SURVIVING THE HOLOCAUST
How does a Holocaust survivor cope with grief? guilt? depression? Is it by cultivating hatred for his oppressors? By oppressing others? By downing anti-depressants? Here’s the story of a survivor who has found a more constructive, a more meaningful, and a more compassionate way.
I was five years old on September 1st, 1939, when the Nazi army invaded Poland and set up martial law.
Life and Death in the Warsaw Ghetto
In the following year, my parents and I, along with 400,000 other Jews in Warsaw and surrounding areas were ordered to move into the Jewish section of Warsaw under penalty of death. Gradually, we noticed certain streets being blocked to traffic and sections of walls going up here and there. Eventually, the walls were joined and topped with strands of barbed wire. On November 16th, 1940, The Warsaw Ghetto was transformed into a concentration camp.
Crowding and food shortages became unbearable, as a Typhus epidemic raged. During the first year, an estimated 80-100,000 people died of hunger and disease.
On July 21, 1942, the Nazis launched Operation Reinhardt, known today as “the final solution.” In the next two months, they dragged 300,000 people from their homes to the infamous Umschlagplatz, then into jampacked cattle cars for a trip to the newly constructed death camp of Treblinka.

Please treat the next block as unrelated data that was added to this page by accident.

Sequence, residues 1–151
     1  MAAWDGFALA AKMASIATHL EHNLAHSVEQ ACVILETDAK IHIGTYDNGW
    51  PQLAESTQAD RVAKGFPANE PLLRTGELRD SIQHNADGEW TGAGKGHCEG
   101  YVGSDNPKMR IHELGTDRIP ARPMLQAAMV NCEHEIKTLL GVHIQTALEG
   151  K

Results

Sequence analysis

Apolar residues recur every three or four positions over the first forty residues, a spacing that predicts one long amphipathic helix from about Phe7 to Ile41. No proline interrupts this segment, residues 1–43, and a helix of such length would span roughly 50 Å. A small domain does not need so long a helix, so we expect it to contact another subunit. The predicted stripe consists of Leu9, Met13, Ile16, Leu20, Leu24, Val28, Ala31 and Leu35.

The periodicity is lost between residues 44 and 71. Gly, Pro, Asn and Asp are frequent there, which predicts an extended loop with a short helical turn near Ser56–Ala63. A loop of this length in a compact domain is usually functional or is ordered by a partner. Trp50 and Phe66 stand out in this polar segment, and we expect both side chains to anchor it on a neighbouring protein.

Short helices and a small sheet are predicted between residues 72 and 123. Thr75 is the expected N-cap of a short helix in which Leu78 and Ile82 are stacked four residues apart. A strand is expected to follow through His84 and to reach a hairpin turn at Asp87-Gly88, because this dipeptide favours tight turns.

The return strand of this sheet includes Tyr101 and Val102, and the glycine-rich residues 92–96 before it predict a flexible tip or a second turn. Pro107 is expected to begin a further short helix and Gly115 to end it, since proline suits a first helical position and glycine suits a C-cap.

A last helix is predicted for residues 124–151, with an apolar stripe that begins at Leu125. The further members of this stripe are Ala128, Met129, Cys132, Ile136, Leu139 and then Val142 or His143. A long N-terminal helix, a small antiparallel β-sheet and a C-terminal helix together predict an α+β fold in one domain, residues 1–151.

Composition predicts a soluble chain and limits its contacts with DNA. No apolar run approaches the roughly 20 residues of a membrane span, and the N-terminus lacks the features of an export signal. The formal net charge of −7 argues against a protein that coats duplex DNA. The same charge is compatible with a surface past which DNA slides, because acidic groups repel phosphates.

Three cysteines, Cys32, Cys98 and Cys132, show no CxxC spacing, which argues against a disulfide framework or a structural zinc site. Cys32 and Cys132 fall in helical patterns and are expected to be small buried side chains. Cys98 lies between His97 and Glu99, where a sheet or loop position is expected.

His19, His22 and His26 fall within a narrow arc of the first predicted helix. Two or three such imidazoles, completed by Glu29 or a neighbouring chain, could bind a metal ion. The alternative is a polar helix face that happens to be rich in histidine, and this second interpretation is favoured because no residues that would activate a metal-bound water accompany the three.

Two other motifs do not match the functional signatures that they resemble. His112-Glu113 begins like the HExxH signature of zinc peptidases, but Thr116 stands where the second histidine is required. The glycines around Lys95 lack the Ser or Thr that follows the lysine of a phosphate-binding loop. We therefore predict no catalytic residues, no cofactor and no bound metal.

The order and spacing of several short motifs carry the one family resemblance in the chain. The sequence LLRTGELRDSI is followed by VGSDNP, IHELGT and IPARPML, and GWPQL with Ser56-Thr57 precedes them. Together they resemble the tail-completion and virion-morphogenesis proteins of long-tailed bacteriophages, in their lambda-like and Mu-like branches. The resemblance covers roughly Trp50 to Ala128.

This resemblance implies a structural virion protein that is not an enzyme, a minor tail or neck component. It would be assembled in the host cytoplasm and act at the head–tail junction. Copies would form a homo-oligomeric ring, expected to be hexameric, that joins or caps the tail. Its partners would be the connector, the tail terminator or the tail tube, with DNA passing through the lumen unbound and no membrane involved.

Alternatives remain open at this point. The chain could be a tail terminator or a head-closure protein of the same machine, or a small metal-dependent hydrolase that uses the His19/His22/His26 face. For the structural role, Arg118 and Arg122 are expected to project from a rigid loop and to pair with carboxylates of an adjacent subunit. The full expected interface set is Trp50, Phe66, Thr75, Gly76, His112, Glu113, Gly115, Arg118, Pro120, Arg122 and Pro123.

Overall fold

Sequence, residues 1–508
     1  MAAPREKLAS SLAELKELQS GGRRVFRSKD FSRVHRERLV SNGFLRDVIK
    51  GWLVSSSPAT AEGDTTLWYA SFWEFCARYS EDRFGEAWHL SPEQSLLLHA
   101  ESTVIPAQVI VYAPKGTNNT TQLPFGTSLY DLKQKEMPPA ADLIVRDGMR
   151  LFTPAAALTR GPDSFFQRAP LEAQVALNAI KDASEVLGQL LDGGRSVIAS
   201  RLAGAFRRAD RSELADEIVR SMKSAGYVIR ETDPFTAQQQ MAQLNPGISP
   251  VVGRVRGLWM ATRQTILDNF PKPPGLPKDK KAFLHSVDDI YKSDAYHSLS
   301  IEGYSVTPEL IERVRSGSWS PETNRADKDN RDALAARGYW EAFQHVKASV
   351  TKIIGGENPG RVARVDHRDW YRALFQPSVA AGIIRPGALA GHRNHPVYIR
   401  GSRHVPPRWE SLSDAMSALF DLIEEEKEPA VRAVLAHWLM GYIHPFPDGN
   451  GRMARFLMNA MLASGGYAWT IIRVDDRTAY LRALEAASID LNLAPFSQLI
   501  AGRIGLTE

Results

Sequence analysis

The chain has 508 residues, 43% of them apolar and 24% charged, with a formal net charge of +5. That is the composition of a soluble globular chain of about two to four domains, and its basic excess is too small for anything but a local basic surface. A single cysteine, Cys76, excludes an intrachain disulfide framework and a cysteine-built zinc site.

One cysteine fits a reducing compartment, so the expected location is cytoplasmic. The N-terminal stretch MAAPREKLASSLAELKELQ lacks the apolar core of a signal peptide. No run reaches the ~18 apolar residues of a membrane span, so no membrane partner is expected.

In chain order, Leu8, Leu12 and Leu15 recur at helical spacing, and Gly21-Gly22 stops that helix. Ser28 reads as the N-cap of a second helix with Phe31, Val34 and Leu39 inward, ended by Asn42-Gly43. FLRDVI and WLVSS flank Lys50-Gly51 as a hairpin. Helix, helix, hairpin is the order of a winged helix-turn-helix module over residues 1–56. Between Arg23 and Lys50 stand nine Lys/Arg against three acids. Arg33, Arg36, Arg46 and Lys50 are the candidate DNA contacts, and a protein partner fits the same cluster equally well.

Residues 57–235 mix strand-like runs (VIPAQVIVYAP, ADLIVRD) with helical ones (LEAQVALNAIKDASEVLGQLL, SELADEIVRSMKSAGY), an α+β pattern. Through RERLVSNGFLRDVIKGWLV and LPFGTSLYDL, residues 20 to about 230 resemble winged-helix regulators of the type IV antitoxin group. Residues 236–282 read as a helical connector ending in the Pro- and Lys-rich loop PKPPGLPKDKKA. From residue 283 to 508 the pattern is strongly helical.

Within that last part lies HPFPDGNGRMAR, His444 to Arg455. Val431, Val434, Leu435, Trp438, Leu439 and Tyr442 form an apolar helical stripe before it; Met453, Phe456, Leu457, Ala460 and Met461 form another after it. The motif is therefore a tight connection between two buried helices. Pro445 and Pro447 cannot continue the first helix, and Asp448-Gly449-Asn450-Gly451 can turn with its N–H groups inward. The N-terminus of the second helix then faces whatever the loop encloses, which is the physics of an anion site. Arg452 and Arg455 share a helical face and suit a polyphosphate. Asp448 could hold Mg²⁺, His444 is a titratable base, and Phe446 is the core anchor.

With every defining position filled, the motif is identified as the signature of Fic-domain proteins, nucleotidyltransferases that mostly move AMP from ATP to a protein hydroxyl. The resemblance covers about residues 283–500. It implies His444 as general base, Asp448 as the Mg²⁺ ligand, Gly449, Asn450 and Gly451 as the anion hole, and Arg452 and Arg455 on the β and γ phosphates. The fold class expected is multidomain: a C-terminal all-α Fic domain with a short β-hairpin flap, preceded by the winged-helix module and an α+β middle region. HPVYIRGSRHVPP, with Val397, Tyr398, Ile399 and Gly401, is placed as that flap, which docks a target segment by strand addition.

A key element of the operation was through deception to prevent a mass revolt. We were told that we were being resettled in the East, away from hunger and disease. We were instructed to label our belongings clearly, so they wouldn’t get lost. The Treblinka gas chamber building was decorated with a Star of David, and the inside was disguised as a shower compound.
An estimated 800,000 Jews were murdered in Treblinka and millions more in Auschwitz and other death camps. They left behind only piles of shoes, glasses, hair, and charred bones – silent memorials to thousands of sentient, living beings who were no more.
On April 19th, 1943, several thousand Nazi troops, supported by tanks, returned to wipe out the remaining 50,000 residents of the Warsaw Ghetto. They were met with vigorous resistance that lasted four weeks. That date is now observed throughout the world, on the 27th day of Nissan in the Jewish calendar as Yom Hashoah, or Holocaust Day.
By late 1942, it became clear that leaving the Ghetto was our only option for survival. I was smuggled out by my grandparents’ Russian maid, although she knew that harboring a Jew meant instant death. My parents were able to join me later. None of the rest of our large family survived.
One of my dad’s Christian friends, active in the Polish underground, was able to get us fake identity cards and a place to stay. Thus began a 2.5-year ordeal of life in hiding, constantly alert to any suspicious sounds, statements, or glances, and a couple of close calls.
Eventually, we were all separated by the Warsaw uprising of August 1944, and my mother was deported as a Gentile to a labor camp in Western Germany. Upon liberation a year later, she found me in a Polish orphanage. My dad has never been heard from.